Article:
On a number of accounts, corporations are also not blameless for our current plight.

    The dividend yield of the SP500 was fallen from 4.2% from 1970 to 1990 to average under 2% during the past ten years. While many executives believe they can get a better return for their shareholders by reinvesting profits back into their companies rather that paying dividends, this practice is defeated by high frequency trading that suppresses share prices, effectively transfering the wealth corporations create to Wall Street traders.

    Non-financial corporations, now hold a record $1.7 trillion on their balance sheets, but this capital is providing little return for shareholders. Many firms primarily use it as war chest for aquisitions. While I see nothing wrong with non-organic growth, a Goldman-Sachs study found that only 30% of all acqusitions between 2000-09 met the goals of the acquiring firm.

    Corporations warn Washington about high corporate taxes, but a growing number of firms such as Seagate, Apple, and Google, set up shop in such conutries as Bermuda, Ireland, and the Caymen Islands to avoid paying taxes.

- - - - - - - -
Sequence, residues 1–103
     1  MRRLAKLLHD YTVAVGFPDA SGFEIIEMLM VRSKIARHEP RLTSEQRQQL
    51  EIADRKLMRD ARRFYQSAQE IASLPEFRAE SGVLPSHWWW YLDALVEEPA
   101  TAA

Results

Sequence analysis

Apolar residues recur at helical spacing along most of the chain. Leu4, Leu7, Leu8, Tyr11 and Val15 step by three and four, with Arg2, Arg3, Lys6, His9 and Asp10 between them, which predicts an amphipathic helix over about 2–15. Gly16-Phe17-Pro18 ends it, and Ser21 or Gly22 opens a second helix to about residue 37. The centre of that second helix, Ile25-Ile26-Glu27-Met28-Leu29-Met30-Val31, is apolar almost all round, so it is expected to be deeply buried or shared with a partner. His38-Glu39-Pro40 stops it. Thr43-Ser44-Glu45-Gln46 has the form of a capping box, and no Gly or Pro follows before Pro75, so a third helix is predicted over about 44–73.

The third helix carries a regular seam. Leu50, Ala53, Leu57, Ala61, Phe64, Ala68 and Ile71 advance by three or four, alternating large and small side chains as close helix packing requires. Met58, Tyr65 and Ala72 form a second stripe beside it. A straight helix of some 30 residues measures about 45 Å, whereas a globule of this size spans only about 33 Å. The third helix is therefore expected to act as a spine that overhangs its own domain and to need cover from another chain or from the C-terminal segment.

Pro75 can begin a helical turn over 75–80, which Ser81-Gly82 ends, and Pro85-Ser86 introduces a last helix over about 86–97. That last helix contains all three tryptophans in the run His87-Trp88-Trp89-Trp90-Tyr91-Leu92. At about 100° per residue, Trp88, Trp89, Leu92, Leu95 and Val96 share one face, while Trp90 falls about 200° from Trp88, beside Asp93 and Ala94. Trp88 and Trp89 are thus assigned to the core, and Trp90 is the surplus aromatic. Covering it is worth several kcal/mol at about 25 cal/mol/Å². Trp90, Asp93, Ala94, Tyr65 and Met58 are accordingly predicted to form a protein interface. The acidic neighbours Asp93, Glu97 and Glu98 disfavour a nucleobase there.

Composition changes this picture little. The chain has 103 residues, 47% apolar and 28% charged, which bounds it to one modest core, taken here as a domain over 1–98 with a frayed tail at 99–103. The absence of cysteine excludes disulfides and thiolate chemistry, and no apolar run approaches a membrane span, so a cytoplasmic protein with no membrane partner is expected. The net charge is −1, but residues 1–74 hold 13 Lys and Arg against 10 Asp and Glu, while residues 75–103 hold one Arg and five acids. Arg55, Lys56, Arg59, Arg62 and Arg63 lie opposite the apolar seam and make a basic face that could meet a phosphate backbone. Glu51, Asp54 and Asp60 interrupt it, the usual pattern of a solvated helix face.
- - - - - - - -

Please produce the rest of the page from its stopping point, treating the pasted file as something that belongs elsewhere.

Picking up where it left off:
So while our angst is focused on the dysfunctional Congress, there are primary forces beyond politics that are driving our current plight.

    We have met the enemy and they is us!

    Happy New Year!

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    • I had to read through your post a second time to get a better grip on what you have written.

      I have long been of the opinion that stocks should only be considered as ownership in companies, and stocks value should directly reflect what stock buyers see as the ability of companies to create value for them, the owners.

      By clever use of algorithms, high frequency traders have successfully developed a system of gaming the stock market, and I have long been of the opinion that slowing down trading would be a prudent approach to control this issue.

      When I say slow it down, I mean something of the order that trading in a companies stock would be best to happen once a week or so. This would allow stock shoppers who consider companies for their value creation merit time for due diligence, while forcing high frequency traders to look up a new trade.

      OK, I realize that asking for once a week trading would be asking a little much, but wouldn’t something like opening a companies stock for trading once an hour be reasonable?

      I just can’t see that in the time that it takes a company to sell a couple of toasters between high frequency trades that the value of the company has changed in any meaningful way.